Move forward to the present and consider the events at the hospital in Gosport. I do not know the details and I don’t want to add to the suffering of any of the families involved. Opiates in large doses would certainly fulfil Hippocrates’s definition of poison in the above quote. My point is that doctors who are trained to kill tiny babies without conscience and without remorse may find it easier to kill vulnerable older people. At medical school we were trained to save life, but we were trained to take it also. Is this still the case for medical students today? Has abortion ceased to be practised in the NHS?

As students, we became aware that many patients had their lives shortened with large doses of opiates. I remember an informal discussion with a number of doctors who expressed their surprise at my ethics, and especially the thought that this could be breaking the sixth of the Ten Commandments. Did I not know that this was normal practice? What else were we supposed to do for those who were about to die? This practice of giving patients who were believed to be dying large doses of morphine to help speed them on their way was known about and approved of at all levels, I believe, right to the very top.

What I find in reading some of the online medical comment about the Gosport tragedy is that there tends to be a distinction in thought drawn between those who were known to be dying and those who were expected to live. This means that there is a sort of consensus that it is all right to give large doses of opiates to patients who we think are dying. How can you draw a line? I believe that many people in many hospitals were killed in this way. Again I have to say, where did indifference amongst doctors and nurses to such practices come from? Was it the deadly anti-life seed that was sown in our hearts at medical school? When did we start to believe that it was right to kill patients with opiates? It is not a practice that I have ever taken part in.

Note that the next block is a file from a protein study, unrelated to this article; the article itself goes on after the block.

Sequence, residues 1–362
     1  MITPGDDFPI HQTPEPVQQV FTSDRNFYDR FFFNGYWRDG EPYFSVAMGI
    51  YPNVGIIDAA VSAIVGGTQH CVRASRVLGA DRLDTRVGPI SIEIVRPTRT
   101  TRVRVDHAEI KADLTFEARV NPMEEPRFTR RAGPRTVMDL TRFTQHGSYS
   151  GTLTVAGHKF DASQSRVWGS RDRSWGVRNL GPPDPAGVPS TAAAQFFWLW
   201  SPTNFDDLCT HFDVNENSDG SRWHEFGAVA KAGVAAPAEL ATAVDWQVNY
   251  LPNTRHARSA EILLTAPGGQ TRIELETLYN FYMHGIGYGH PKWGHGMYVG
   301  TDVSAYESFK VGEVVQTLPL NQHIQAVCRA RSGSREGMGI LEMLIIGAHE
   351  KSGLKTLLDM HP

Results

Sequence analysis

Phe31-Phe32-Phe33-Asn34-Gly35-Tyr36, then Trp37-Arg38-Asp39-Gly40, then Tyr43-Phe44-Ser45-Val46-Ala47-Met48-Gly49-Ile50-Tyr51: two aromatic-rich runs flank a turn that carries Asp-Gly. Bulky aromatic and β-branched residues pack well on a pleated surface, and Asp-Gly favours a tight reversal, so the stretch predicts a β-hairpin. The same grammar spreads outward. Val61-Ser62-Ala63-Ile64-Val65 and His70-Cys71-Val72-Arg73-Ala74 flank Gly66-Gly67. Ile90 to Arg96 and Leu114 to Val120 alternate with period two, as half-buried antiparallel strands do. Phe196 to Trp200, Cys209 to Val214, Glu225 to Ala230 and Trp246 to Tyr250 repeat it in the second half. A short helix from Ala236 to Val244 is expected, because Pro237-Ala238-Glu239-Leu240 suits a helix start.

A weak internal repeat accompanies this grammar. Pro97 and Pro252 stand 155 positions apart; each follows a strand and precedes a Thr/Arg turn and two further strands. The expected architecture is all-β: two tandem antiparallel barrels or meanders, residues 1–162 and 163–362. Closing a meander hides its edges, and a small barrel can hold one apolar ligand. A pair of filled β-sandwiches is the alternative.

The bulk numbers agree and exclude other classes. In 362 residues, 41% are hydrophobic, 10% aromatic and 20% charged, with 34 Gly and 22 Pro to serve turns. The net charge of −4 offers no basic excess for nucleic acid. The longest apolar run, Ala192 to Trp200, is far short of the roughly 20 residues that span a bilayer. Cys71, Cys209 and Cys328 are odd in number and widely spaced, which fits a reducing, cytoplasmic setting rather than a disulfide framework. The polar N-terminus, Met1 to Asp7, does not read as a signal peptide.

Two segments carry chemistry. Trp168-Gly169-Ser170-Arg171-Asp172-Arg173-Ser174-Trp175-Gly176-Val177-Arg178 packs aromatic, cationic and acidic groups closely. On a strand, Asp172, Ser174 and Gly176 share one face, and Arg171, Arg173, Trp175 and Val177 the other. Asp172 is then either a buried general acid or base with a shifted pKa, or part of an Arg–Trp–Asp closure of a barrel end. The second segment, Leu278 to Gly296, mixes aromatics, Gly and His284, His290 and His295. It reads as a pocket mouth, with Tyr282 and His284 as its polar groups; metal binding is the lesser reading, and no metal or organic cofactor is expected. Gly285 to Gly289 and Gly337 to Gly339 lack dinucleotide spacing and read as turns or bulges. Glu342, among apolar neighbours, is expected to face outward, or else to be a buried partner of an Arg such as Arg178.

If I were known to be dying I would like pain relief, but not killing, please. In fact we have too often drugged and hidden the dying in order to sanitise and conceal the reality of death, in my opinion. In some cases people would benefit and perhaps want to stay alert, even if it involves more pain, for a whole variety of possible reasons. One might want speak to a son or daughter for the last time. Another might want to make peace with God.

The Hippocratic Oath goes on:

‘Into whatsoever houses I enter, I will enter to help the sick, and I will abstain from all intentional wrong-doing and harm, especially from abusing the bodies of man or woman, bond or free.’

Clearly gender reassignment, either arbitrary, by surgery, or chemical means would be unthinkable to Hippocrates and his students. What would he have said today about the gender-fluid movement and the devastating confusion generated amongst our little children? I think he would have been speechless.

What would a doctor’s oath at graduation look like today? ‘I will do everything the politically correct elite tell me without question’ perhaps? How many doctors at all stages of their careers have betrayed Hippocrates’s principles, and what does that say about our national health services? How far does this go to explain something like the terrible events in Gosport?

Human life is far more valuable than our rulers are willing to admit or to define in legislation. What comes next?

By 1988, the year that I qualified at Manchester Medical School, the Hippocratic Oath was no longer taken on graduation.